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Report of two families Liliaceae


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Aristortle University of Thessaloniki

Department of Botany

European Class 2000

Schneider Christine


April 2000


Report of two families




Liliaceae





Lilium martagon



Crocus




1. Taxonomy

Division: Angiosperm

Class: Liliopside (Monocots)

Subclass: Monocotyledonae

Superorder: Liliiforae

Order:Liliaceae (Juss)



2. Description
Habit
The Liliaceae are perennial plants. They are “normal” or switch plants and are occasionally phyllodineous.
Leaves
The leaves are well developed or much reduced. The lilies are perennial with a basal aggregation of leaves, or with neither basal nor terminal aggregation of leaves. The leaves are nearly always alternate, opposite or whorled.

Inflorescence, flowers

The flowers are solitary, or aggregated in ‘inflorescences’, in racemes, or in umbels, or in panicles. Inflorescences can be scapiflorous, or not scapiflorous, terminal, or axillary. The flowers are bracteate or ebracteate, ebracteolate (usually), or bracteolate (occasionally). They are small to large; regular (nearly always), or somewhat irregular. The flower formula is P3+3 A3+3 G3. The petals and the 3 stamens are arranged in 2 circles. The perigone tube is absent.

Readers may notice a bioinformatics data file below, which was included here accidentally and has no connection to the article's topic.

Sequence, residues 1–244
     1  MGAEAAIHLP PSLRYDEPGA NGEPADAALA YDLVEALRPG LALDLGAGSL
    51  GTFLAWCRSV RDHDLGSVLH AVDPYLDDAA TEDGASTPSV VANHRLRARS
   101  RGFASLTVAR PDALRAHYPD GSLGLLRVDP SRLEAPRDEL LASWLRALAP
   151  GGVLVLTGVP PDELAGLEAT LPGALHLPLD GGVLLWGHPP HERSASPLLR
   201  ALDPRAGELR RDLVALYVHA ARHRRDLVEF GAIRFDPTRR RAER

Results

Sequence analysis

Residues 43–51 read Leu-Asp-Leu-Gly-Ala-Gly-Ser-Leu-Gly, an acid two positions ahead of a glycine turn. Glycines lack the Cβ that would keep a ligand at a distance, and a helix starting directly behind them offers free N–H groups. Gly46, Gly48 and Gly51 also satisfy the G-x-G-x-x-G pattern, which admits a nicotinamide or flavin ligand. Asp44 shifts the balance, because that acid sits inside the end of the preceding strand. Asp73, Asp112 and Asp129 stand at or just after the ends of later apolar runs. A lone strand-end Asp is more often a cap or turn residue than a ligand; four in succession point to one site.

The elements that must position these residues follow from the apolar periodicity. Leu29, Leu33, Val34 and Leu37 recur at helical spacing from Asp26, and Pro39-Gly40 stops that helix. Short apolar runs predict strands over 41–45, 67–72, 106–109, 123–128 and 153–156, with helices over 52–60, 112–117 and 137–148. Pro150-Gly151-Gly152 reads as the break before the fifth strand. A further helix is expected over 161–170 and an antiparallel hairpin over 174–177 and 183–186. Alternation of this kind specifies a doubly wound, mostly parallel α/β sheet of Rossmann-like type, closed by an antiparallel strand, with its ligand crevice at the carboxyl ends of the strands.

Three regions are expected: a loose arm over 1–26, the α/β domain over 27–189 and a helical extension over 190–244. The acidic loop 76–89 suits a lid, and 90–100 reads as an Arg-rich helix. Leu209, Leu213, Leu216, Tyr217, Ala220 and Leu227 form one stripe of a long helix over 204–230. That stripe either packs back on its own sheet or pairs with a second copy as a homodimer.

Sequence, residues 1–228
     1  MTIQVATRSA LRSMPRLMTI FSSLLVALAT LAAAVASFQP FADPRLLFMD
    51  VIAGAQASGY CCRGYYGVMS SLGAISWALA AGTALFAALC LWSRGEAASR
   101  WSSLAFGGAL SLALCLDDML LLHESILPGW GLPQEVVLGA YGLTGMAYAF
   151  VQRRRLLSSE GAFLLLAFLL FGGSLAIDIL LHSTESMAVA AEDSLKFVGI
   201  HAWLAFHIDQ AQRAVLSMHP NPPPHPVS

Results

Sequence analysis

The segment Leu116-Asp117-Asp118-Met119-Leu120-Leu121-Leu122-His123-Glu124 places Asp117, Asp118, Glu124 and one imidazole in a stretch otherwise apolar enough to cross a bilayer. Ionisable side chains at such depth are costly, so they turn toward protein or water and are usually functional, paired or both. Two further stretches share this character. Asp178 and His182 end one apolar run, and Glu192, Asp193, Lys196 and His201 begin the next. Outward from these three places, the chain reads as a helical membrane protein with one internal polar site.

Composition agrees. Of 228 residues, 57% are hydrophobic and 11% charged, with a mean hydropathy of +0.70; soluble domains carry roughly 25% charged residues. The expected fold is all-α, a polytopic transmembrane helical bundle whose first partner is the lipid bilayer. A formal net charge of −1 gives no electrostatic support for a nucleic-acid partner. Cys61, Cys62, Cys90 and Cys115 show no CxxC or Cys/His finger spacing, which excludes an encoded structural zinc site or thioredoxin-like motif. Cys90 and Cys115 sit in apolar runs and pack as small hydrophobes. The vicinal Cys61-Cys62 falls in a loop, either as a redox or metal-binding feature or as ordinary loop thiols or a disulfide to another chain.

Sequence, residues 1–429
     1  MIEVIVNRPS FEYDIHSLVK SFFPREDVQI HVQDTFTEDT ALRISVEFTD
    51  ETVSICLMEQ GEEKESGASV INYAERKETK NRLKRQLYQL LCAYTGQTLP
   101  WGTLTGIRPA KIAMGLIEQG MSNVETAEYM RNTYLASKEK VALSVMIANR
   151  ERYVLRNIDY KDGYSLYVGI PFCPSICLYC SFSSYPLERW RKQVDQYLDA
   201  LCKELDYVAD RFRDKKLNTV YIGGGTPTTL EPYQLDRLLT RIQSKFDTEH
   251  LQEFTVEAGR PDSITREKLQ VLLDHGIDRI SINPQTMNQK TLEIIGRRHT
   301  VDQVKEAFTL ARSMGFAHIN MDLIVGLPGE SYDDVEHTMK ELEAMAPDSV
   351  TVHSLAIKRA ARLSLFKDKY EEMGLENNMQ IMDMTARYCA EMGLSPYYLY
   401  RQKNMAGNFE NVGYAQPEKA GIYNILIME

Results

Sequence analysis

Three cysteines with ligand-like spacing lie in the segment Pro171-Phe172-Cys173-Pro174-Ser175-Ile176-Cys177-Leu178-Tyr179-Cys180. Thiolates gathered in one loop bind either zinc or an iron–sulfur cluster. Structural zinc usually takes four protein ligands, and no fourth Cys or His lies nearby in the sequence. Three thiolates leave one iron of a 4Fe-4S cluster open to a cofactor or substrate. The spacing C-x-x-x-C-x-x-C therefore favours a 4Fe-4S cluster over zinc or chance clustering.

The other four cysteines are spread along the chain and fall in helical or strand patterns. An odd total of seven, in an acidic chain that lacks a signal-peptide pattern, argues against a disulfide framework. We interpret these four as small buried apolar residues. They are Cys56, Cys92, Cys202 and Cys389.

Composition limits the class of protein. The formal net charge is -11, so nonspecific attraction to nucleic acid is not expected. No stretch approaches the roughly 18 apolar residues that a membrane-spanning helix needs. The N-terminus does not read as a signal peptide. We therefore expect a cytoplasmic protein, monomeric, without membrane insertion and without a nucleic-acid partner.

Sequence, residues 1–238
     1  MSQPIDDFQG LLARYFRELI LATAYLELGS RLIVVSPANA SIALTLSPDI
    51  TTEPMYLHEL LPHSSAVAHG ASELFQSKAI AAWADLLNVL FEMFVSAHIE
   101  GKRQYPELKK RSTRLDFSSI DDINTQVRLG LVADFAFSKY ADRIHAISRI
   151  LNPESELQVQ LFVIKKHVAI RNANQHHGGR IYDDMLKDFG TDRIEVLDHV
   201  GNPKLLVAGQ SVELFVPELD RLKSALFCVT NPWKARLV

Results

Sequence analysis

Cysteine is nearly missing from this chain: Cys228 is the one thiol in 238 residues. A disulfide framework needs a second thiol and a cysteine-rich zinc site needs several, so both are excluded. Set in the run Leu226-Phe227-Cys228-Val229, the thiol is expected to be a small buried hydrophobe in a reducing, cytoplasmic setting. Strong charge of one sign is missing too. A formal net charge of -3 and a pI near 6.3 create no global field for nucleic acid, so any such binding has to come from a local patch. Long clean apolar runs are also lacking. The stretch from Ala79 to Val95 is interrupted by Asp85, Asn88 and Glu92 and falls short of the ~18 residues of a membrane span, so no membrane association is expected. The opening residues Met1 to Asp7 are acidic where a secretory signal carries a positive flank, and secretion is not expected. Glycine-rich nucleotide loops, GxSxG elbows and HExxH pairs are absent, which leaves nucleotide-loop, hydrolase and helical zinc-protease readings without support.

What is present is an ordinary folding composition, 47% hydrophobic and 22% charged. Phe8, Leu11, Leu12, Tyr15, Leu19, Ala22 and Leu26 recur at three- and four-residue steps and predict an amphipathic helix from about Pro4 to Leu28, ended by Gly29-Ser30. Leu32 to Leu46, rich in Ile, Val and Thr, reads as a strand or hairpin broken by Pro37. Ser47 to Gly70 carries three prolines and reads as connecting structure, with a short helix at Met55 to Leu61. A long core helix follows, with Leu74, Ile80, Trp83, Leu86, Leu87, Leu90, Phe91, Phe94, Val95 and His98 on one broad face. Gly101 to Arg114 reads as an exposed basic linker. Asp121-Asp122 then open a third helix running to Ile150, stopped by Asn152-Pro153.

All photographs are from http://www.wco.com










Tulipa tarda

Photographs are from http://www.wisc.edu.






Fruit
The fruit is a non-fleshy capsule. The seeds are endospermic, wingless and without a starch. The endosperm is oily and in 2 species achorophyllous.

Photograph from http://www.wco.com


Stem

Most of the time the secondary thickening is absent. The xylem is without vessels.


3. Geography

It grows in Holarctic, Paleotropical, and Neotropical Northern hemisphere, centred on southwest and Himalayan Asia to China.


4. Representative genera and species

Colchicum autumnale

Anthericum ramosum

Lilum martagon

Allium ursinum

Convallaria majalis




Convallaria majalis



Lilium martagon




Photographs from http://www.wisc.edu

5. Poem

O sweetest, fairest lily!


My brother wears thee not one half so well